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All Good Things Come to an Ind.

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Indiana has been more than the “crossroads of America” — it’s been the crossroads of the entire religious liberty debate. Since early last year, when Democrats and moderate Republicans destroyed a perfectly good law with a “fix” that took away that diluted the rights of Christians in favor of those who want to force the public to celebrate their sexual preferences.

Now, almost a year after Indiana’s top leaders were waving a white flag of surrender, conservative legislators stepped forward and foiled an effort designed to further promote harmful sexual behavior at the expense of religious liberty.

Under a measure called SB 344, people living in places like Columbus, Indiana could have been fined up to $50,000 for refusing to violate their conscience on things like genderless bathrooms or same-sex marriage. Taking a page out of the Utah playbook, legislators called the bill a “compromise,” when all it really did is leave out the true victims: men and women of faith.

That didn’t fool Hoosiers, who were more than ready to take on the fight after the betrayal by their leaders the year before—and seeing the success of communities like Houston’s. Despite a fierce back and forth between the two sides, no one refused to budge on the language. Earlier this week, Democrats offered a last-minute deal to give up the genderless bathroom and locker room access in exchange for giving people who identify as transgenders special protections.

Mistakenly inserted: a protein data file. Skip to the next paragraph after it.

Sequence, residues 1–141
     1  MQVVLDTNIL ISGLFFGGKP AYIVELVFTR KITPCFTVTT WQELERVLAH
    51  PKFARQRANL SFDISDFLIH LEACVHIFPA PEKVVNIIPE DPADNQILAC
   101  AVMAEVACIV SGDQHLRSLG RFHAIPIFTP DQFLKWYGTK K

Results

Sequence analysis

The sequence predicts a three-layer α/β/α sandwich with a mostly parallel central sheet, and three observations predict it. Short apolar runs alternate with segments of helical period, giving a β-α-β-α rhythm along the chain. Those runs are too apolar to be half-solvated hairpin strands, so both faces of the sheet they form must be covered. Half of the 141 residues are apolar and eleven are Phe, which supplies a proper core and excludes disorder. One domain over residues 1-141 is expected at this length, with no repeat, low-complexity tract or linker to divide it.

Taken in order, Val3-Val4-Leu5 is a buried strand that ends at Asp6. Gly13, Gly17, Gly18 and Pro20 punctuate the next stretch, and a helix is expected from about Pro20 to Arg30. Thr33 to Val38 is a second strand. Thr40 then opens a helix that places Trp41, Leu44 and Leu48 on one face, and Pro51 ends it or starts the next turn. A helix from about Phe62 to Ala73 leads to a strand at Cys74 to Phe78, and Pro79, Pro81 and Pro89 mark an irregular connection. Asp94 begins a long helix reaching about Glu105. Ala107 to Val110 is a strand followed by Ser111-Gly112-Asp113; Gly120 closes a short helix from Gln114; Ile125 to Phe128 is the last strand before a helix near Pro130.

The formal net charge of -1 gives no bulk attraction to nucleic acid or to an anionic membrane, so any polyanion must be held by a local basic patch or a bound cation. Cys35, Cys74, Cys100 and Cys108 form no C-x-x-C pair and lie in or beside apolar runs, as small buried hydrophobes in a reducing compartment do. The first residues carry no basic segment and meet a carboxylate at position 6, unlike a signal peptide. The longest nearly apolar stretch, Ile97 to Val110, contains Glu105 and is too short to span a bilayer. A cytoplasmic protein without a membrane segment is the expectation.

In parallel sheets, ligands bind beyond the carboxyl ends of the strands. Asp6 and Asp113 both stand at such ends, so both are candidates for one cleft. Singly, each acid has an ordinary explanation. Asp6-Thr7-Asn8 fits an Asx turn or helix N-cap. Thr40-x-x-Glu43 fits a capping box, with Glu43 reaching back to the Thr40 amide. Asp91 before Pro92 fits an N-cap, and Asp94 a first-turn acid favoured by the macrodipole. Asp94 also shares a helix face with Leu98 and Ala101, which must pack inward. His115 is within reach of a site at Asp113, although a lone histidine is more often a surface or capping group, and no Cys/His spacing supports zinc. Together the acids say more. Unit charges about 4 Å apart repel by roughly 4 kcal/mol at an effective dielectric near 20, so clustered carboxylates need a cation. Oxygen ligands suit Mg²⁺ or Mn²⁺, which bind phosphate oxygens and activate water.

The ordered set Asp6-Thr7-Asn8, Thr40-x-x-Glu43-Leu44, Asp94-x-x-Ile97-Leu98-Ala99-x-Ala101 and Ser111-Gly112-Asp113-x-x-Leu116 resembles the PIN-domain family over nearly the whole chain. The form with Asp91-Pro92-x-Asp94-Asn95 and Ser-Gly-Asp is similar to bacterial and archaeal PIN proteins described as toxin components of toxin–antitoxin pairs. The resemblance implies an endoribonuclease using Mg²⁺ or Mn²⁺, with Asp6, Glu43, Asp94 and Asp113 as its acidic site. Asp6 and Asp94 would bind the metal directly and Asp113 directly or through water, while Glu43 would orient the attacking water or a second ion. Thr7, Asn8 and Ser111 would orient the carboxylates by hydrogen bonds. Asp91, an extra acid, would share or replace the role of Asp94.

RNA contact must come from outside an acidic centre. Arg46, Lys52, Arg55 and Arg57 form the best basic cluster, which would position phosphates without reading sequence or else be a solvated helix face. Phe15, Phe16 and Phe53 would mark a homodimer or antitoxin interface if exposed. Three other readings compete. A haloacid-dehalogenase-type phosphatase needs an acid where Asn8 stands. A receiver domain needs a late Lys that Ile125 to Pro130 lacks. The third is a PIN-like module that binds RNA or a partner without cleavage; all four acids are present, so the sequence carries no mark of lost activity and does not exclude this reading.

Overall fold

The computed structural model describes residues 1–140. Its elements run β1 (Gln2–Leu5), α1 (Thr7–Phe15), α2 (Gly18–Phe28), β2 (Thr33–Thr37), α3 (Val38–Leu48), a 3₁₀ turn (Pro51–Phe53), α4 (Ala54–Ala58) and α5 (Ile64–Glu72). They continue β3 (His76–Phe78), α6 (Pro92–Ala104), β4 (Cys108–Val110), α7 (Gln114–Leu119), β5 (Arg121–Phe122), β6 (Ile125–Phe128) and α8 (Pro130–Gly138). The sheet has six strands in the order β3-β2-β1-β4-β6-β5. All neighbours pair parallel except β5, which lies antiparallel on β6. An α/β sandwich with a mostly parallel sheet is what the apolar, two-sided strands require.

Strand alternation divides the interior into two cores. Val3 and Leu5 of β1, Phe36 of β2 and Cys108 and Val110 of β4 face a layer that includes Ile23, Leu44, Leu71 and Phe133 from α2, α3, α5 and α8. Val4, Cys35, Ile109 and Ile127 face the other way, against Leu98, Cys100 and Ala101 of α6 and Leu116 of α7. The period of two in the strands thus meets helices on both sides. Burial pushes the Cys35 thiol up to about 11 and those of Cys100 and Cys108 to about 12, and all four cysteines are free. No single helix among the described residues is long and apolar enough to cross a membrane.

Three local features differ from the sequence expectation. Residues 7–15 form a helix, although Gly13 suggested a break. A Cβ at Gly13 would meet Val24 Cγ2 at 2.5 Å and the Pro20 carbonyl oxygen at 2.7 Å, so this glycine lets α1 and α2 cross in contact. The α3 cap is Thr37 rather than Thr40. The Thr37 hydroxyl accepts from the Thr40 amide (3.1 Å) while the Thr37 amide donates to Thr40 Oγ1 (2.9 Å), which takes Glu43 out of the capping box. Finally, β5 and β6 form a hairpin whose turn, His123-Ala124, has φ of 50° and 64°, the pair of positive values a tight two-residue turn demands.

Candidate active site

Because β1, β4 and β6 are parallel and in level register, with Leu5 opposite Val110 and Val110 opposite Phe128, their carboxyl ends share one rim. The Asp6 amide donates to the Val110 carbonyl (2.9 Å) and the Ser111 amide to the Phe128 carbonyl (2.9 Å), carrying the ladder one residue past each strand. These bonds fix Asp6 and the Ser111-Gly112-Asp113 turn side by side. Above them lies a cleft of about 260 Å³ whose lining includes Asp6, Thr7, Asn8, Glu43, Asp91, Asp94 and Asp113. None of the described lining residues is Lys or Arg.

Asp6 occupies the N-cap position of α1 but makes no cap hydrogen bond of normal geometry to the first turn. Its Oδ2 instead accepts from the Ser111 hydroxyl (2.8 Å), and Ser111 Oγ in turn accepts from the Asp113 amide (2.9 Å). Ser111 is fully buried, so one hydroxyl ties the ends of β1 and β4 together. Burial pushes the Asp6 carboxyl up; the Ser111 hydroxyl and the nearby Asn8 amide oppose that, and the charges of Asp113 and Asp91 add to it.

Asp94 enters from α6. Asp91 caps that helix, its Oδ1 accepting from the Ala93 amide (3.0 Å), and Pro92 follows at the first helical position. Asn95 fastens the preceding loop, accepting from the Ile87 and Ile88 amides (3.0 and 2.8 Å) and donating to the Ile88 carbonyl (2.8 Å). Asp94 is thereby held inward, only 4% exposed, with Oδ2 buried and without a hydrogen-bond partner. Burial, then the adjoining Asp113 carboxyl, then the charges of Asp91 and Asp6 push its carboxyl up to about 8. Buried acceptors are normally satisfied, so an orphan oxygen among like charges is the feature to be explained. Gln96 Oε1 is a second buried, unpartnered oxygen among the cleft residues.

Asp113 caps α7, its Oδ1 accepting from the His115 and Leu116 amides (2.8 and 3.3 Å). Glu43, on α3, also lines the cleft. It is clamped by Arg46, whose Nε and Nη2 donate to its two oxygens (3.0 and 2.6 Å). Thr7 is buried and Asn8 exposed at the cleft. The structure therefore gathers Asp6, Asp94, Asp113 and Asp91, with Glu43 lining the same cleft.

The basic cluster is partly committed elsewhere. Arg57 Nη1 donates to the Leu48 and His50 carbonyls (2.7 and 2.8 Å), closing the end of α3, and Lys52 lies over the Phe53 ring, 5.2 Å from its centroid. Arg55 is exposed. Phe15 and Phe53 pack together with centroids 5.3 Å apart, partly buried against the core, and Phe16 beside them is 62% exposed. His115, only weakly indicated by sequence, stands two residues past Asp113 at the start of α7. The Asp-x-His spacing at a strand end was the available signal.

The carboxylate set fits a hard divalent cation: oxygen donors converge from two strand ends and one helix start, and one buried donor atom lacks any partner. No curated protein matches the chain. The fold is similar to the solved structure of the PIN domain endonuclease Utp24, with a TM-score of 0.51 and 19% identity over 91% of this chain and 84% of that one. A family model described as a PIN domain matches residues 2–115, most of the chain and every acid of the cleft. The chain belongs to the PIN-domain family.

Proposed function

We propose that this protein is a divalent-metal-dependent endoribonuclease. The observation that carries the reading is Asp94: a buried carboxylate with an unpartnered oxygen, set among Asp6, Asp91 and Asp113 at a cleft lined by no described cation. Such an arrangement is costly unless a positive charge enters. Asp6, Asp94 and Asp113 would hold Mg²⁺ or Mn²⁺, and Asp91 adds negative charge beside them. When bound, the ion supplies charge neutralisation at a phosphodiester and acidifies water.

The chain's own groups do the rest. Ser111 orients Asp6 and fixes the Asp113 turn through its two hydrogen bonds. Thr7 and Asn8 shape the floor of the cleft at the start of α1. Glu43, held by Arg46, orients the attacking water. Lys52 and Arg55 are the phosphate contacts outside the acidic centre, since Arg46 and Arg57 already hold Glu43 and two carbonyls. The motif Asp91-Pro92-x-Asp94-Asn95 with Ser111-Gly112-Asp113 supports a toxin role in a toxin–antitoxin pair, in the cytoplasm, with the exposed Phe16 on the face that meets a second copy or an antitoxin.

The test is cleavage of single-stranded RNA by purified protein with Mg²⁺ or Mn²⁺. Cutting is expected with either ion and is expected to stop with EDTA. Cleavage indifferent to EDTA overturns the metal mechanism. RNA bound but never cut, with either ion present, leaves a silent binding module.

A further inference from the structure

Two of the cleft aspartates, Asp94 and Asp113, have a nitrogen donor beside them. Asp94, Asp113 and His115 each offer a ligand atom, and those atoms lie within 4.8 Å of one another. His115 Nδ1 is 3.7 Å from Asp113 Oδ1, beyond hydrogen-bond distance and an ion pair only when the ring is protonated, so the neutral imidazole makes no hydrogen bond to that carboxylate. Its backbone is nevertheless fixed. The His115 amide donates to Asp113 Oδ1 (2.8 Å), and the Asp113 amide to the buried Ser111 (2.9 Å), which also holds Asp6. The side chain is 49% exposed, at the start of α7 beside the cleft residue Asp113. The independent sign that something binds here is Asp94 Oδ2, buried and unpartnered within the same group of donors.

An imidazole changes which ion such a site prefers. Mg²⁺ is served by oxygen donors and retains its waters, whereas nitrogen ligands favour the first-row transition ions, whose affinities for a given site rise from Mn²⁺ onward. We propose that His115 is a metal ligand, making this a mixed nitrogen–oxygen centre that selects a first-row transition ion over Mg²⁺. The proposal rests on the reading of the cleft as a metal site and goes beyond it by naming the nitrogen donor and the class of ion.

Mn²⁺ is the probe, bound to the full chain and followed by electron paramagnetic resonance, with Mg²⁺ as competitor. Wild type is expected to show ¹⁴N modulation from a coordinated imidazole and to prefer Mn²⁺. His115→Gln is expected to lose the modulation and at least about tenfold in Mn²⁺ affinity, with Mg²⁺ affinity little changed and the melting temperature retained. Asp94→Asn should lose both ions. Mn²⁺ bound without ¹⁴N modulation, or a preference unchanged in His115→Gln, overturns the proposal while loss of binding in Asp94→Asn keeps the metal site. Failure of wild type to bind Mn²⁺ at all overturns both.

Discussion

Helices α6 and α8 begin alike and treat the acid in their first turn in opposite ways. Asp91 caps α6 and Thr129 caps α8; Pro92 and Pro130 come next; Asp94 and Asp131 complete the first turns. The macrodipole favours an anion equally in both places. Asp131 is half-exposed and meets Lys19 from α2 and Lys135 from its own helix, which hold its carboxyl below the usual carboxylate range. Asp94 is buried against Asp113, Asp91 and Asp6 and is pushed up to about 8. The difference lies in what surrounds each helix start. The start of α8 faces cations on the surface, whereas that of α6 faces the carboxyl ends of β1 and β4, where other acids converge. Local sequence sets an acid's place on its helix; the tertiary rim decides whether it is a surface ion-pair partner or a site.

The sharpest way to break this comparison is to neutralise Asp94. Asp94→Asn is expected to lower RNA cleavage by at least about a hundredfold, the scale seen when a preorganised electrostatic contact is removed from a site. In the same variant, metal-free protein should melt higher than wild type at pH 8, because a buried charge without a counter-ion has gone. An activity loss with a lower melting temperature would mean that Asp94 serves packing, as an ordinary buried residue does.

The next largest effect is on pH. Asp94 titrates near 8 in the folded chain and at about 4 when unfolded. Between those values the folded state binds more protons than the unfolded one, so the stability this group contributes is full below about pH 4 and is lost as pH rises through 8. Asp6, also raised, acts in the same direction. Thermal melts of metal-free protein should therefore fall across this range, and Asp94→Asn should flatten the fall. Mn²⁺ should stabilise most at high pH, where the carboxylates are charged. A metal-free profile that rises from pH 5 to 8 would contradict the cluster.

Conservatives said no. “I cannot move these walls that are on the right and the left hand,” the bill’s author complained, “because nobody wants to give. Nobody wants to move.”

Eventually, flooded with calls and emails from constituents like you, Republicans threw in the towel and pulled the bill without even a vote. Senate President Pro Tem David Long (R) blamed the unwillingness to negotiate on its failure and promised to bring the issue back next year. We’ll be ready, said conservative groups like the Indiana Family Institute and the American Family Association of Indiana, who cheered the win for common sense. As the dust settles, most Hoosiers hope the rest of the country now sees: in the battle between religious liberty and sexual behavior, there’s no such thing as compromise. In the meantime, we congratulate and thank everyone who joined our efforts to stop the attack on Indiana’s first freedom!



 

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